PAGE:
Here are the best world heritage sites in Sri Lanka
ALMOST 10 years after the end of its civil war, Sri Lanka has been named by Lonely Planet as Destination of the Year 2019.
It’s no wonder that Sri Lanka has been named as such, for this tiny island has diverse and spectacular attractions that fascinate travelers from all over the world.
The Pearl of the Indian Ocean is blessed with ancient ruins and Buddhist temples, caves and mountains, forts and walled cities, and wilderness areas that seven of the best cultural and natural spots have been declared and listed as Unesco World Heritage Sites.
Here’s you should put these Sri Lankan destinations on your travel bucket list.
Kandy is the second largest city in Sri Lanka, but it’s mostly known as the cultural capital of the island. And no visit to Kandy is complete without visiting the Temple of the Tooth.
The Temple of the Tooth is a former palace of the Kandyan kingdom, and it houses the relic tooth of Buddha.
According to legend, when Buddha died, his tooth was taken from the funeral pyre. The tooth was later hidden in the hair of Princess Hemamali when she fled from Hindu armies who attacked her father’s kingdom in India, to Sri Lanka.
Since then, the relic tooth has become an object of great reverence and brought out in jeweled caskets during Esala Perahera, a 10-day parade of dancers, drummers, and elaborately decorated elephants.
Kandy gained Unesco World Heritage status in 1988 which has ensured the safeguarding of the Temple of the Tooth. Kandy is also a great city to explore the Royal Botanical Gardens situated in nearby Peradeniya – the gardens have a fine collection of orchids, royal palm trees, Burmese bamboo trees, and other flora species.
Just a two-hour drive from Kandy is the Dambulla Cave Temple, the largest and most well-preserved cave complex in Sri Lanka.
Listed as Unesco World Heritage since 1991, the cave complex comprises five caves situated under an overhanging rock which were converted into shrine rooms, containing numerous Buddha statues and Sinhala murals. The statues and murals are related to Buddha and his life.
To access the Dambulla Caves, one has to walk up Dambulla Rock where you can enjoy a panoramic view of the surrounding flatlands as well.
Sigiriya the Lion Rock
Sigiriya is a massive rock that’s 600 feet high and on the flat top of the rock was once a palace of King Kasyapa. The entire site – which dates back to the 5th century – was built as a palace and fortress with gardens and moats, and was considered one of the best examples of urban planning in ancient times.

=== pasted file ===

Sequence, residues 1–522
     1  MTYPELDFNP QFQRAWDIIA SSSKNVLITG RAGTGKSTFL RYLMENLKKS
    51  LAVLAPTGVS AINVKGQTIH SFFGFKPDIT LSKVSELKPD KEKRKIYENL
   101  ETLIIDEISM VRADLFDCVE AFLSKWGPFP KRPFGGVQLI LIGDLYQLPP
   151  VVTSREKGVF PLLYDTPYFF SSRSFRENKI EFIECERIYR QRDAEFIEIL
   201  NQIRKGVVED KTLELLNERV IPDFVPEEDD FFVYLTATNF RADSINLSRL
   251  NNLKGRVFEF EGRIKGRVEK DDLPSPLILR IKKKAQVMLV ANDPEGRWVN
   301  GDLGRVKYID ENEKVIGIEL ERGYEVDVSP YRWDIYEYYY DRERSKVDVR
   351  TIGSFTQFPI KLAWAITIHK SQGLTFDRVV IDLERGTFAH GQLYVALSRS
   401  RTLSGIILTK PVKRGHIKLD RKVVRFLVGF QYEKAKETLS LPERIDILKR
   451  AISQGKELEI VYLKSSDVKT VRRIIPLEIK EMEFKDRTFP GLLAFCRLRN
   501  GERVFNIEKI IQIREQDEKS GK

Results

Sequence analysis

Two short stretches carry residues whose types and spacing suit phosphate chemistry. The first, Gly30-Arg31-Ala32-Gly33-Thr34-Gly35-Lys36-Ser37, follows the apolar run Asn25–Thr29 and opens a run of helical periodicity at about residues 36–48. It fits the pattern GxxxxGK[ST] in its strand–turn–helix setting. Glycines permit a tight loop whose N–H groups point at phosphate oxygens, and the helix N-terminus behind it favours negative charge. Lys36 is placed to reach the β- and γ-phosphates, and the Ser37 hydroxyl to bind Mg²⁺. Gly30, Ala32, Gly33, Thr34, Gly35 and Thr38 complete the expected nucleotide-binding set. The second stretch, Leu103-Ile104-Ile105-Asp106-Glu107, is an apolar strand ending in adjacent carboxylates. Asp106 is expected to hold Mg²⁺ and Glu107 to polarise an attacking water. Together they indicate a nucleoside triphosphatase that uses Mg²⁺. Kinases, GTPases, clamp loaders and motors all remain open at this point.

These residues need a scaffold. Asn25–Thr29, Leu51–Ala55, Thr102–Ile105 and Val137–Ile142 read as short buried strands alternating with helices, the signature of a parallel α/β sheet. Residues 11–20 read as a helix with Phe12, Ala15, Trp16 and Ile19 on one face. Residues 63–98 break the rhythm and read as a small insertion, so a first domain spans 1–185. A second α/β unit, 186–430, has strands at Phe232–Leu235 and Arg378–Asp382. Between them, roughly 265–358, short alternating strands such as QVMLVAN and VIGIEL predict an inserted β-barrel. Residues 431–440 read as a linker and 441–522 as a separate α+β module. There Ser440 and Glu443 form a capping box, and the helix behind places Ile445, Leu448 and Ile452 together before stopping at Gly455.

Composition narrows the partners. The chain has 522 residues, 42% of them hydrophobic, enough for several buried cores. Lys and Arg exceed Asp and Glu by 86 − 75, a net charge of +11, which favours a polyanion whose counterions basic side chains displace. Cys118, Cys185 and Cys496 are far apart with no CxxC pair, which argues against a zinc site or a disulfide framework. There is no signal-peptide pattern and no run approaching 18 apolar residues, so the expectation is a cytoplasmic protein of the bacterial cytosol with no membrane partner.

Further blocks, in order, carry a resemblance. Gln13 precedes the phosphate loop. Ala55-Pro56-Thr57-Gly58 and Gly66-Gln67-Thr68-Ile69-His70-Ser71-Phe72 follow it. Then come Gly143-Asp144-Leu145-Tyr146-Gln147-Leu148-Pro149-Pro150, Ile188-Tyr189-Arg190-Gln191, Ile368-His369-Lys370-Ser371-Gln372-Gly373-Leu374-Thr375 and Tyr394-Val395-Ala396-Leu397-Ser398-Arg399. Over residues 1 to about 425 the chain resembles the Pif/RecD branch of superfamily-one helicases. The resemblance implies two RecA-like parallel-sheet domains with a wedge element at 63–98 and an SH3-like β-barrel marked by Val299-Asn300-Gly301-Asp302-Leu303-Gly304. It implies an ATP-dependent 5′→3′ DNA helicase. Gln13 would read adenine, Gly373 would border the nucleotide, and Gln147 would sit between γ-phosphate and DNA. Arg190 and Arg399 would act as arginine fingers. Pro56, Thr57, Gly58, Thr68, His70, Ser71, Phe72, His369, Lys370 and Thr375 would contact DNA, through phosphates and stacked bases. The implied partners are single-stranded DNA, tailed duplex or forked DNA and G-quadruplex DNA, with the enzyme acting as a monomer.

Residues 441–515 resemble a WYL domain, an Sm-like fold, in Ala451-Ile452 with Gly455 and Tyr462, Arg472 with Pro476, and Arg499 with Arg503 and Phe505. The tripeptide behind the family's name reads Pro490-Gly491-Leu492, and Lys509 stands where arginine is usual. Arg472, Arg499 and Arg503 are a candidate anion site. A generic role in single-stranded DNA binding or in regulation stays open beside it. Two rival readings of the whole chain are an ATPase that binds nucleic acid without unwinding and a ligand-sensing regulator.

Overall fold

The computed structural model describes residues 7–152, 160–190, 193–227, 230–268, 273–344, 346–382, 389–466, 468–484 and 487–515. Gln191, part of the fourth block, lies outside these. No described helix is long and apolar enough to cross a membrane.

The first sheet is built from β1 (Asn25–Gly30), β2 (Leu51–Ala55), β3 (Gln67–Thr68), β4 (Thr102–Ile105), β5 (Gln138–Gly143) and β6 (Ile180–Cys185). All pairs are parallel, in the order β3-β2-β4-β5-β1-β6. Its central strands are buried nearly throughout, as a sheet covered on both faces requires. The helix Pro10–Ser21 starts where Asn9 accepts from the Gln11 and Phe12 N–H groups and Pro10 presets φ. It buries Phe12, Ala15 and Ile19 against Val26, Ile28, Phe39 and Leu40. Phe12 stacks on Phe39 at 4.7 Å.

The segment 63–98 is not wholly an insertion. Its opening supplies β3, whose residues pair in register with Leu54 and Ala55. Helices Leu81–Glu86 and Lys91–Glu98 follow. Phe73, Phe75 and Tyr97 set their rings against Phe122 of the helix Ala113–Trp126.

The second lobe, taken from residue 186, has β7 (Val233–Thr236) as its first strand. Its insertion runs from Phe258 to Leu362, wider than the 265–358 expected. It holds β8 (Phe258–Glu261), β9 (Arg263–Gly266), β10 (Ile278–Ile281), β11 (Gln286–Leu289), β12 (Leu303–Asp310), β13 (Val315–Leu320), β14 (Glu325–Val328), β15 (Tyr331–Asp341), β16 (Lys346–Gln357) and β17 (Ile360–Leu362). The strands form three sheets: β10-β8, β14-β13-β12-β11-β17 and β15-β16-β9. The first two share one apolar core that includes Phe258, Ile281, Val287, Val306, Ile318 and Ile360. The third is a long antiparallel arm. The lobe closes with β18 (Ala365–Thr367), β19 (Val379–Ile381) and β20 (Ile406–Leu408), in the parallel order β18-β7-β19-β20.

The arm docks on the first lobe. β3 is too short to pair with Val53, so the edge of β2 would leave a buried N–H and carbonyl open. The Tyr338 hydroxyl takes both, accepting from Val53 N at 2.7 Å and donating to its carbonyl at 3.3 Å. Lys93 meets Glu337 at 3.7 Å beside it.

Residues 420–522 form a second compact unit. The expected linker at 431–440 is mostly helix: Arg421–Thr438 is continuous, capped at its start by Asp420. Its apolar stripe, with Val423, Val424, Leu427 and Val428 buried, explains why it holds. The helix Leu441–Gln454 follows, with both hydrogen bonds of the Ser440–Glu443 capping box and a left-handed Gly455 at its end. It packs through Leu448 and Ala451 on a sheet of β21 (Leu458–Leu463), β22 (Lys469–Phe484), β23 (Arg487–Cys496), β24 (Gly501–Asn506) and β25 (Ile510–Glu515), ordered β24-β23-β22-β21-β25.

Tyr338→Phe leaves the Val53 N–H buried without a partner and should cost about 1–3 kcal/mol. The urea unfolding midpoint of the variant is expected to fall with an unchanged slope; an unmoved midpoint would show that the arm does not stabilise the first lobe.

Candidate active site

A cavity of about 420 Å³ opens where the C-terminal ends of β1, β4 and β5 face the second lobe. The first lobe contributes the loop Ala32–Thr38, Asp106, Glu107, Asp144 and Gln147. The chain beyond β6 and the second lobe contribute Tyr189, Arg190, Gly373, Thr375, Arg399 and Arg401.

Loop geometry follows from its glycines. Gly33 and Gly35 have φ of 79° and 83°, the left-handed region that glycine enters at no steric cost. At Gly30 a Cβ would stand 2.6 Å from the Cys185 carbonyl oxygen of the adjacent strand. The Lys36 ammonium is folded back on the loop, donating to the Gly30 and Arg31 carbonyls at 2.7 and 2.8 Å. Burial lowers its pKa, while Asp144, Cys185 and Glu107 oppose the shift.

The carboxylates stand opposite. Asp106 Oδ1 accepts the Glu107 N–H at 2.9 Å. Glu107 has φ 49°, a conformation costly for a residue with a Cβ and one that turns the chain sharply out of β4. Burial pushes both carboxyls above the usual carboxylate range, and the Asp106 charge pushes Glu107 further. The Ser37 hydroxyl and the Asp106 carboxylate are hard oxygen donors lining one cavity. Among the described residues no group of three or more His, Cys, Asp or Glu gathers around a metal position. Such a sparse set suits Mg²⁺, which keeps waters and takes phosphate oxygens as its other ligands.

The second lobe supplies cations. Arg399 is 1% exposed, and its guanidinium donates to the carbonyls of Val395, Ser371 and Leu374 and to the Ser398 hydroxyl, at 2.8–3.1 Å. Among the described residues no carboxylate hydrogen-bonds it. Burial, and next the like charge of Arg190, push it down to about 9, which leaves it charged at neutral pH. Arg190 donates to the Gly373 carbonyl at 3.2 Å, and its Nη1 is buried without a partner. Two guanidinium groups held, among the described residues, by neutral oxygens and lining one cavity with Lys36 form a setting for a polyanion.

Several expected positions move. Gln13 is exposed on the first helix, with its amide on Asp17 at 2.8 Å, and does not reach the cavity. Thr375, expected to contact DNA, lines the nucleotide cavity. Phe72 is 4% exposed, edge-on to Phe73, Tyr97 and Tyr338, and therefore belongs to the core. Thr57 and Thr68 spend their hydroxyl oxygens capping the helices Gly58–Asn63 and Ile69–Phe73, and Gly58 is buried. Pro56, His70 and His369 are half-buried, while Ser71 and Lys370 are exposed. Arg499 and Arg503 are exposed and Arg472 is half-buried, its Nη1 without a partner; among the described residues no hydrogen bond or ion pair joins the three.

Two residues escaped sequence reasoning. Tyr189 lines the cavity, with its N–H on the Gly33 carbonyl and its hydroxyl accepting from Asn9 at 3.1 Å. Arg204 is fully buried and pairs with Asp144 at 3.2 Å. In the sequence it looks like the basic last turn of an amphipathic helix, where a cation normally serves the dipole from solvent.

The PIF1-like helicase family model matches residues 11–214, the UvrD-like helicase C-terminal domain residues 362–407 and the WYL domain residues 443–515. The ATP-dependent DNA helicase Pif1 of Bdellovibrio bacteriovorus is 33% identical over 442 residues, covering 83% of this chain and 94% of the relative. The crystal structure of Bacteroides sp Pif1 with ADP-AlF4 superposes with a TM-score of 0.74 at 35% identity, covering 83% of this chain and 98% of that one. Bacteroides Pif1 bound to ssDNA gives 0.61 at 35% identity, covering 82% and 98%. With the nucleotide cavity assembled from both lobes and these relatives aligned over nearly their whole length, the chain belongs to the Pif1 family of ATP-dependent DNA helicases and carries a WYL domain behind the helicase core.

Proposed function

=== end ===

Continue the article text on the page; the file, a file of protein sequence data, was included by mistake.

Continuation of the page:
Sadly, the fortress and the palace were abandoned since the king’s death.
Sigiriya means Lion Rock in the Sinhala language, referring to the palace gateway built at a mid-level terrace in the form of lion’s paws. Sigiriya was awarded the Unesco World Heritage status in 1982.
In the same year, Polonnaruwa was awarded the Unesco World Heritage Site title as well. This ancient royal capital of Sri Lanka was a fortress city to defend the kingdom of Anuradhapura from foreign invaders in the 11th century.
Polonnaruwa is a massive site. Therefore, it’s advisable to allocate about four to five hours to explore the area.
You can hire a driver to take you from one ancient site to another within Polonnaruwa, or you can rent a bicycle to wander at your own pace.
The Sacred City of Anuradhapura marks the point at which Buddhism was first introduced to Sri Lanka from India.
Since then, Anuradhapura was the center of Theravada Buddhism for many centuries.
Previously hidden away in dense jungle, this sacred city is now one of the world’s major archaeological sites with ancient pools, crumbling temples, palaces, monasteries, and monuments.
Galle is a walled city and historical town comprising Portuguese and Dutch colonial buildings, churches and mosques, mansions and museums, cafes, boutiques, art galleries, bookshops and heritage hotels.
Amazingly well-preserved for over 400 years, Galle is a delightful town and is easy to explore on foot or bicycle.
The Central Highlands is the first natural site to be given a Unesco World Heritage status in 2010.
The region consists of the Peak Wilderness Protected Area, the Horton Plains National Park and the Knuckles Conservation Forest – a bio-diversity habitat of rainforests, national parks and mountains up to 2,500m high.
Adam’s Peak is situated in the Central Highlands at 2,243m above sea level, and climbing Adam’s Peak has a spiritual significance as Buddhists in Sri Lanka believe that the mountain peak bears the footprints of Buddha.